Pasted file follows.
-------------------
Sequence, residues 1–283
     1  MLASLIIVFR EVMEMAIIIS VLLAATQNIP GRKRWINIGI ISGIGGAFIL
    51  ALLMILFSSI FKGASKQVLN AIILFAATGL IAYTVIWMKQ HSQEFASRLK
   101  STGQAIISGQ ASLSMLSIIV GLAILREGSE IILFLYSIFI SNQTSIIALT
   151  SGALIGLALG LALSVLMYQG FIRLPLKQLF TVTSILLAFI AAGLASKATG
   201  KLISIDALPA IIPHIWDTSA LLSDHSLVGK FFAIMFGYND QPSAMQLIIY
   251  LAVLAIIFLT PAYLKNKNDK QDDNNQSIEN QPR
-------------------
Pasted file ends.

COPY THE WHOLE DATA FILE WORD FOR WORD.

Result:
Sequence, residues 1–283
     1  MLASLIIVFR EVMEMAIIIS VLLAATQNIP GRKRWINIGI ISGIGGAFIL
    51  ALLMILFSSI FKGASKQVLN AIILFAATGL IAYTVIWMKQ HSQEFASRLK
   101  STGQAIISGQ ASLSMLSIIV GLAILREGSE IILFLYSIFI SNQTSIIALT
   151  SGALIGLALG LALSVLMYQG FIRLPLKQLF TVTSILLAFI AAGLASKATG
   201  KLISIDALPA IIPHIWDTSA LLSDHSLVGK FFAIMFGYND QPSAMQLIIY
   251  LAVLAIIFLT PAYLKNKNDK QDDNNQSIEN QPR